Shadow international development secretary Diane Abbott defended Labour’s U-turn on whether to support George Osborne’s "fiscal charter", in a bizarre radio interview in which she laughed off concerns about her party's economic policy and dismissed the row as a “process” story.
The Twittersphere reacted with surprise that it was left to Ms Abbott to defend the move on the BBC’s Today programme on Tuesday morning, after Monday’s fractious meeting of the Parliamentary Labour Party during which shadow chancellor John McDonnell’s volte-face came under attack from unhappy MPs.
Ms Abbott’s performance prompted further derision. She laughed in the face of questioning from John Humphrys and did not explain the U-turn, beyond saying that Mr McDonnell would set out his position in the House of Commons on Wednesday.
Mr McDonnell surprised Westminster shortly after being appointed shadow chancellor, by saying Labour would support the government’s fiscal charter, which would enshrine in law a duty to run a budget surplus “in normal times”.
Speaking because no member of the shadow Treasury team was available, Ms Abbott denied that party policy was a shambles, adding: "We are in the right position now, it is a position that most of the PLP is comfortable with and, I think, all party members.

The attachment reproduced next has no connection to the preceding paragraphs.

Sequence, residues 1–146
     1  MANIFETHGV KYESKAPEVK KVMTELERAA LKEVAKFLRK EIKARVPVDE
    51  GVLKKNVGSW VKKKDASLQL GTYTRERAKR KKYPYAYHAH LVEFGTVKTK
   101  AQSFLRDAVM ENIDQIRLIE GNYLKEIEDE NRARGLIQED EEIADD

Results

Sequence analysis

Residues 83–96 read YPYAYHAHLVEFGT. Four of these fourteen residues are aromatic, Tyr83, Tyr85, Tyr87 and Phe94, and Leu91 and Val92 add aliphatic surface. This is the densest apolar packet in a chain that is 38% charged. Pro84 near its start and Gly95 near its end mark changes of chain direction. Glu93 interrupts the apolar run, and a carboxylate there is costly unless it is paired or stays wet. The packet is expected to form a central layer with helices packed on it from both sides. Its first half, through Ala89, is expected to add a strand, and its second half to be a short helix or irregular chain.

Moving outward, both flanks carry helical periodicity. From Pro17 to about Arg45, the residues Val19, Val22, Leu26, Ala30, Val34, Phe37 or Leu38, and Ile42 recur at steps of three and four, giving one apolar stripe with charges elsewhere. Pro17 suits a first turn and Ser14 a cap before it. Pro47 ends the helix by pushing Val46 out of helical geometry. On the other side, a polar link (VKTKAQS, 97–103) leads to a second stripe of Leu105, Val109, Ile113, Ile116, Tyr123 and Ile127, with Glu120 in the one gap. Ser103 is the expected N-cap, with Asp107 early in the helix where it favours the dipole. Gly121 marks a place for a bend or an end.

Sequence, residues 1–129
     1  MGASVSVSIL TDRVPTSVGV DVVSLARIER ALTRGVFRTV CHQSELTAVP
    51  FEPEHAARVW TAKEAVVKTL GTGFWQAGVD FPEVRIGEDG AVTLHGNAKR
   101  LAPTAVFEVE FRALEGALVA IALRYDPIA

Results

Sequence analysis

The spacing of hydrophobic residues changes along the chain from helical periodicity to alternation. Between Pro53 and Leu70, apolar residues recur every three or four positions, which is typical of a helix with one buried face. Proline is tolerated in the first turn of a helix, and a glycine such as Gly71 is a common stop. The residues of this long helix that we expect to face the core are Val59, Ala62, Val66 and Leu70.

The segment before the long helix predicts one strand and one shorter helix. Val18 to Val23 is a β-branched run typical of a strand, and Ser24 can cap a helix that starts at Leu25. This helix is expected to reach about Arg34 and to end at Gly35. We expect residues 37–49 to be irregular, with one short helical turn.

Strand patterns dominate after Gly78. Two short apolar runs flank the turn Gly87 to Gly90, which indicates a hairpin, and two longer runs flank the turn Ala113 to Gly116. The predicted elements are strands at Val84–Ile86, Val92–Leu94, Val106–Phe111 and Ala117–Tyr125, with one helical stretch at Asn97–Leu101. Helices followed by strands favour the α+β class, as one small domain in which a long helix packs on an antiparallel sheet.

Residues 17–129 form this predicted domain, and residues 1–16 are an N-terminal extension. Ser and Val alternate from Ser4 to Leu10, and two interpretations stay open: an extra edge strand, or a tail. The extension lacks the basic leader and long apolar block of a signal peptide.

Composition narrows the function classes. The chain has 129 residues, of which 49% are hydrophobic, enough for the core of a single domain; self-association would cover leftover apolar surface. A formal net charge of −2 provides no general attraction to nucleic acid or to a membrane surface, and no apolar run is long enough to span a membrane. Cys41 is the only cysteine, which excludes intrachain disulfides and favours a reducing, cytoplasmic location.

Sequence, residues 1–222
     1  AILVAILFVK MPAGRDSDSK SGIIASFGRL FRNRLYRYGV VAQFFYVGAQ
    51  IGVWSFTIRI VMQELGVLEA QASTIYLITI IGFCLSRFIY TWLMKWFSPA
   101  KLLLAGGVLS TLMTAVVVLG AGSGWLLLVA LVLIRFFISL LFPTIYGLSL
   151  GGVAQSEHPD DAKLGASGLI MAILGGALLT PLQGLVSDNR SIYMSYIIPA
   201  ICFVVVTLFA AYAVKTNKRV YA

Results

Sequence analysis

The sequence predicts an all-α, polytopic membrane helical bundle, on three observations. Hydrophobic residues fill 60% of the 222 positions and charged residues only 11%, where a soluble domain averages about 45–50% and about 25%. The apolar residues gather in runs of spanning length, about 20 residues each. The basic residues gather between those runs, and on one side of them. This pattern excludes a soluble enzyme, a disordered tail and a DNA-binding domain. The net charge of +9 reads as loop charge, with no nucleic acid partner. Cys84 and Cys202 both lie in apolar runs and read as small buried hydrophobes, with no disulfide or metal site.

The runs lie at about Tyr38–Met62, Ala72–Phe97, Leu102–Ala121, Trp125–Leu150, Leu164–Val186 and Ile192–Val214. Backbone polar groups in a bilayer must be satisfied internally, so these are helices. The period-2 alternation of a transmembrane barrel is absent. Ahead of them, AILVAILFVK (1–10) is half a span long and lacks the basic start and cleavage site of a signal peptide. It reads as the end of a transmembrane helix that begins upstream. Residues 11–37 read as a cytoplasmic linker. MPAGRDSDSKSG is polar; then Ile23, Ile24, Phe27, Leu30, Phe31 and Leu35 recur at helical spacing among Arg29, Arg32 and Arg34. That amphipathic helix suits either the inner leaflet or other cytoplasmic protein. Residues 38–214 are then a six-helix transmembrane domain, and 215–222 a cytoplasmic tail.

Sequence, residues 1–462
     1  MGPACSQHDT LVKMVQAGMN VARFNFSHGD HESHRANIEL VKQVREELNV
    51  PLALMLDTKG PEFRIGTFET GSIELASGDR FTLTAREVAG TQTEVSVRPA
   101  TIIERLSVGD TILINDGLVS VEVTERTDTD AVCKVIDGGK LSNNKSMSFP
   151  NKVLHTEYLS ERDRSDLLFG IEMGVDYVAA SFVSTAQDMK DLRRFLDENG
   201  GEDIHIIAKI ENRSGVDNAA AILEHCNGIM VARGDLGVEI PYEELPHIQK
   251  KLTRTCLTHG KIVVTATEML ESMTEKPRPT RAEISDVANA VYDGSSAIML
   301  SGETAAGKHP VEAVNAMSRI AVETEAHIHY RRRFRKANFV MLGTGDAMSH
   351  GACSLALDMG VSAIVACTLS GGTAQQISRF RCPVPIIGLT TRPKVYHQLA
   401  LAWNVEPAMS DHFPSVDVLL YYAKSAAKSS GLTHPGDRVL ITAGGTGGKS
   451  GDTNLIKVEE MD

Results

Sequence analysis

She added: "John McDonnell takes the deficit very seriously and the party as a whole takes the deficit very seriously."
Ms Abbott predicted that in 12 months’ time the focus would be on Mr Osborne, rather than Labour's difficulties.
"The economy is not going to be in as good a place as it is now in a year's time. People will be focusing on his mismanagement of the economy, not on a ... process story," she said.
Former deputy leadership candidate Ms Abbott played down the reported unhappiness of Labour MPs, voiced during and after the PLP meeting – which they described variously as a “total f***ing shambles” and a “huge joke”.
But Ms Abbott said: "At any given time there were will be a group of MPs in Parliament, of whatever party, who are unhappy.
"I suspect my colleagues, on reflection, will calm down and devote their energies to attacking Osborne and his mismanagement of the economy."
She said: "Some people in the party are only slowly coming to terms with the fact that Jeremy won. Once they have come to terms with that, they will be happy."
Ms Abbott hoped that process would take "weeks rather than months".
Additional reporting by Press Association
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